Darwin did not know how heredity works. The inheritance of acquired characters was really the only scientific theory of heredity available. G. Mendel (1822–1884) published his genetic hypothesis in 1866 while Darwin was alive, but it was not widely known or appreciated until 1900. Darwin died before the knowledge of chromosomes, mitosis, meiosis, haploid gametes, and diploid somatic cells became available. To fill this void, Darwin suggested his “pangenesis” theory. The problems with this theory were discussed in ABT by McComas (2012).

Q4: What is Darwinian fitness?

Fitness (or adaptive value) is the relative ability of an organism to survive and transmit its hereditary material to the next generation compared with other individuals of the same species, population, or other defined group living in the same environmental conditions. Competition for food and other limited resources of the environment tends to increase the numbers of the fitter individuals and decrease the numbers of the less fit organisms. This process is called natural selection.

Q5: At what level(s) did Darwin propose natural selection may operate?

Before Charles Darwin (1809–1882) published his On the Origin of Species in 1859, many people believed that all levels of life were created by God to be adaptive to their natural environments, from the individual organism to the species and to the highest levels of taxonomic grouping. This idea accounted nicely for the harmony and balance of nature assumed to exist in the biological world. Realizing that individual organisms were not living in harmony, but were almost always competing with one another for limited resources of their environment, Darwin proposed that biological evolution mainly occurs by natural selection operating on the heritable phenotypic variation (anatomical, physiological, biochemical, and behavioral traits) among individual organisms within a species. What is not always recognized is Darwin’s allowance that natural selection, by competition or cooperation, might also act on fitness variation at multiple levels – between intraspecific groups of individuals (such as herds, flocks, colonies, varieties), between groups of related species, or even between higher taxonomic groups “for the good of the group” rather than only for the selfish interests of the individuals within a group. For example, he asserts that certain mountain varieties of sheep “will starve out other mountain varieties, so they cannot be kept together … As species of the same genus have usually, though by no means invariably, some similarity in habits and constitution, and always in structure, the struggle will generally be more severe between species of the same genus, when they come into competition with each other, than between species of distinct genera” (Darwin, 1859, p. 76).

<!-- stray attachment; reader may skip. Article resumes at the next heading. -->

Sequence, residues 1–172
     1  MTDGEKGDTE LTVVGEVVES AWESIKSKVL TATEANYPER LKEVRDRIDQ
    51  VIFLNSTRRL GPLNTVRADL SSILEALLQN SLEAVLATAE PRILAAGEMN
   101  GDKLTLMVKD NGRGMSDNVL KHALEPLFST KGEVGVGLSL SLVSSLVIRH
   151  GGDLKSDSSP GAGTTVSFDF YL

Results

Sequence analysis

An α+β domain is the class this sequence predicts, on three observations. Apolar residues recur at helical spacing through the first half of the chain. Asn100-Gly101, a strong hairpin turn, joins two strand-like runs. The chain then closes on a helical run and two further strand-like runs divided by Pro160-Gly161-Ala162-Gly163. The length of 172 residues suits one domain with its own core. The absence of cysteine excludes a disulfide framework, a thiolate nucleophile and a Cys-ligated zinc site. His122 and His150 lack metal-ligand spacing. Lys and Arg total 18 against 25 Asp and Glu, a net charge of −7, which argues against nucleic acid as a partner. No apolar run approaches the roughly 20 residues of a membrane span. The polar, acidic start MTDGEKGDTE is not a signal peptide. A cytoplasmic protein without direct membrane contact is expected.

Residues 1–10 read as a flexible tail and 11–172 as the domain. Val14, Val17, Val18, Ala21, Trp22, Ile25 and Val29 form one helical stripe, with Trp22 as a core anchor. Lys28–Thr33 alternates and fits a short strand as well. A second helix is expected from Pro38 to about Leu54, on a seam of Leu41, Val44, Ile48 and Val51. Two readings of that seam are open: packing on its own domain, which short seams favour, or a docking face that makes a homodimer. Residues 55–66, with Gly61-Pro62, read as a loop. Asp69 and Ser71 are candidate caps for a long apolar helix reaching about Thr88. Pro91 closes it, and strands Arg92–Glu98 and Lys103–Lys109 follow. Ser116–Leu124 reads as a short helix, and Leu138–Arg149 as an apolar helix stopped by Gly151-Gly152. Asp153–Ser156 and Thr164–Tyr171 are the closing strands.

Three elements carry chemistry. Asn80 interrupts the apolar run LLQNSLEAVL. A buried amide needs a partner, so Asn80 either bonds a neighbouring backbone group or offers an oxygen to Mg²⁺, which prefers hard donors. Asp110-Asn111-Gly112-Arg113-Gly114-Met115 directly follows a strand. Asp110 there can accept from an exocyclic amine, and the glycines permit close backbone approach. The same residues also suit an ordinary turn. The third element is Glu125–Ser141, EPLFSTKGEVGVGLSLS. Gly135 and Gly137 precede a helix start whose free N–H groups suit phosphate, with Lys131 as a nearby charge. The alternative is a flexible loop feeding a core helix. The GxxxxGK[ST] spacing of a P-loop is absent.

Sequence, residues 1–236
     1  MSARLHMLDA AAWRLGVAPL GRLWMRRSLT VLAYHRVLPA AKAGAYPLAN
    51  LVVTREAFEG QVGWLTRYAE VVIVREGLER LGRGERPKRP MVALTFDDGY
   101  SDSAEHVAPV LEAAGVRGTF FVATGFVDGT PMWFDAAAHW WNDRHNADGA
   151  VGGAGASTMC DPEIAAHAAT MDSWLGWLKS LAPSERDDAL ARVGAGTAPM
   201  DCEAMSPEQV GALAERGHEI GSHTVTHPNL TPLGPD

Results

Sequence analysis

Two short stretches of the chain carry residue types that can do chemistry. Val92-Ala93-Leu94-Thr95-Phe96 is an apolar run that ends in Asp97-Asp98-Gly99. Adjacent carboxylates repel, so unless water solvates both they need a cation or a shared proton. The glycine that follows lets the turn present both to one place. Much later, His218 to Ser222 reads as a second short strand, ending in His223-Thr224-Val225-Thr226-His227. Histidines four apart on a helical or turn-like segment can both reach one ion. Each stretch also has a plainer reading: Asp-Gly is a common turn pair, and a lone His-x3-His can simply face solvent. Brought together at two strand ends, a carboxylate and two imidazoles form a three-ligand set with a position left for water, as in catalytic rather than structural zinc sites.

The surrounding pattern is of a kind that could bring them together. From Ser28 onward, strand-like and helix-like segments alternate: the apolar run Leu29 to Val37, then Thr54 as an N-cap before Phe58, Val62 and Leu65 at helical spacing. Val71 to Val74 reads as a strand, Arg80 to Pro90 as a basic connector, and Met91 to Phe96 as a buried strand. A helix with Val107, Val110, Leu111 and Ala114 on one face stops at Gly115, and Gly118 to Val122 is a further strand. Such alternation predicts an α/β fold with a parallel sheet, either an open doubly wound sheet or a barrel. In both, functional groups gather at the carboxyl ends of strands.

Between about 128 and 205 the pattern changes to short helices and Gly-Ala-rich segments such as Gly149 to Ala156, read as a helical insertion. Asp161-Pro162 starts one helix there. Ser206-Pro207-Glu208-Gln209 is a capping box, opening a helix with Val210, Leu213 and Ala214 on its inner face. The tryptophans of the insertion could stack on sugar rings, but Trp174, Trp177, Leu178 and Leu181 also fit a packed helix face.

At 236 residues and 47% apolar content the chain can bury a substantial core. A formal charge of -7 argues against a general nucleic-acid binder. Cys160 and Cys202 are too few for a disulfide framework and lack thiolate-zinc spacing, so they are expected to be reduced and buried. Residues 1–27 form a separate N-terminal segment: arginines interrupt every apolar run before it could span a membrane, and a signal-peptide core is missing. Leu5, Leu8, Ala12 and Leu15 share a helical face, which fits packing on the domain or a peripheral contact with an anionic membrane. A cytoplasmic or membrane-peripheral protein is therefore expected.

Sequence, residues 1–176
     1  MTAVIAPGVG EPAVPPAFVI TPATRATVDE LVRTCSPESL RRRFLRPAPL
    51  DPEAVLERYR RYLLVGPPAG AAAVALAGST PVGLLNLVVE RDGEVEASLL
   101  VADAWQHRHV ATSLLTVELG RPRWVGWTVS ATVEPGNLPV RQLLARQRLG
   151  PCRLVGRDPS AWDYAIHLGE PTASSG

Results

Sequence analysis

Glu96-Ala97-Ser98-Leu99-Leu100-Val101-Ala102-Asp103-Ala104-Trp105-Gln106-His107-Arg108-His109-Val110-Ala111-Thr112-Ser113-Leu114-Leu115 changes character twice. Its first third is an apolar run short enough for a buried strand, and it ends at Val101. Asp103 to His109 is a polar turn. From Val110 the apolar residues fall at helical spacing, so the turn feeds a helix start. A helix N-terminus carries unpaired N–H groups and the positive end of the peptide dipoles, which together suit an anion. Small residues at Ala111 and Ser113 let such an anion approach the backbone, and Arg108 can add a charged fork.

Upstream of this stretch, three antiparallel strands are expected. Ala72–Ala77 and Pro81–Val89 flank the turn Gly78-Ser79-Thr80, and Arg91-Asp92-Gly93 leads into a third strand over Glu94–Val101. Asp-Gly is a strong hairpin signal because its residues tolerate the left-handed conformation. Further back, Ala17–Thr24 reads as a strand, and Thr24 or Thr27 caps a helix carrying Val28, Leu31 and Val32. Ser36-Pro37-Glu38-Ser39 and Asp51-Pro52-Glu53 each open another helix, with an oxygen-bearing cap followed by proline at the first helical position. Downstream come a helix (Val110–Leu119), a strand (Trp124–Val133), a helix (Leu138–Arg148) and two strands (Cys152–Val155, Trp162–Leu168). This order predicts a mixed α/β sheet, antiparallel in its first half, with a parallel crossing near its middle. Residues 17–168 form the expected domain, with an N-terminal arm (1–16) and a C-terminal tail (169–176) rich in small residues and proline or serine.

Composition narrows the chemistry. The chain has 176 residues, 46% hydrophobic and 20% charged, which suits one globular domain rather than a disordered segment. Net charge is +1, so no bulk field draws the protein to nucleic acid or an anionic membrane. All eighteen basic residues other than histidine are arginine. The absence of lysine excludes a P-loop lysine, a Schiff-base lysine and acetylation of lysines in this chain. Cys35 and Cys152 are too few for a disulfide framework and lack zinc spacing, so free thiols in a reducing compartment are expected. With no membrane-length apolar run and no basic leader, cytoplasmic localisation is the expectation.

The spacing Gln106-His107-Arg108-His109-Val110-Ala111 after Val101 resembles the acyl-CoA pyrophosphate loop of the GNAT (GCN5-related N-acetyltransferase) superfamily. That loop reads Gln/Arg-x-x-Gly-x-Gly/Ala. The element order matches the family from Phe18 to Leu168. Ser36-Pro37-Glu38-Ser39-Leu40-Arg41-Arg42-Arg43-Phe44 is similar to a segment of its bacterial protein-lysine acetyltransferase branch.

Q6: Why did honey bees present a challenge to Darwin’s concept of natural selection?

Darwin worried about many things as he wrote On the Origin of Species: the incompleteness of the fossil record, the complexity of the human eye, the existence of non-reproductive (sterile) female worker honey bees, and many other contentious issues. If natural selection works at the level of improving the reproductive fitness of individuals, how could it account for the existence of worker honey bees who work for the hive instead of producing offspring of their own? Frederick R. Prete (1990) discusses the bee problem in detail. He informs us that by 1838 it was known that a fertilized egg could develop into a reproductive queen bee if the larva is fed royal jelly (Lamarckian implications?). Also, the discovery of parthenogenesis in bees had been known from 1857 (unfertilized eggs develop into male drones; sometimes workers may lay unfertilized eggs that develop into drones). According to Prete, Darwin suggested community selection as a solution to the evolution of the honey bee problem.

Q7: According to biologist J. B. S. Haldane (1932), what was the reason many biologists had given up on Darwinism?

The ability of natural selection to account for the evolution of adaptive, specific (at the species level) characters had been questioned by some critics ever since Darwin suggested that natural selection could be responsible for the evolution of new species and higher taxonomic groups. Haldane gave one reason why early-20th-century biologists doubted Darwin’s notion of group selection at the species level: “[T]here is no doubt that innumerable characters show no sign of possessing selective value, and, moreover, these are exactly the characters which enable a taxonomist to distinguish one species from another. This has led many able zoologists and botanists to give up on Darwinism” (Haldane, 1932, pp. 113–114).

Q8: Two books were published in the 1960s that polarized the debates over individual vs. group selection theories. Explain the beliefs held by the two authors in this regard.

Early in the second half of the 20th century, most biologists continued to believe that, if group selection exists, it cannot predominate over individual selection. Then, in 1962, British biologist Vero Copner Wynne-Edwards (1906–1997) reinvigorated the group selection debate by publishing his 650-page book Animal Dispersion in Relation to Social Behavior, in which he proposed that many animal social behaviors are adaptations at the group level even though they may be disadvantageous within groups. He called his theory of genetic selection “group selection” (Newton, 1999). Group selection is “much more important than selection at the individual level. The latter is concerned with the physiology and attainments of the individual as such, the former with the viability and survival of the stock or race as a whole. Where the two conflict, as they do when the short-term advantage of the individual undermines the future safety of the race, group selection is bound to win, because the race will suffer and decline, and be supplanted by another in which antisocial advancement of the individual is more closely inhibited” (Wynne-Edwards, 1962, p. 20).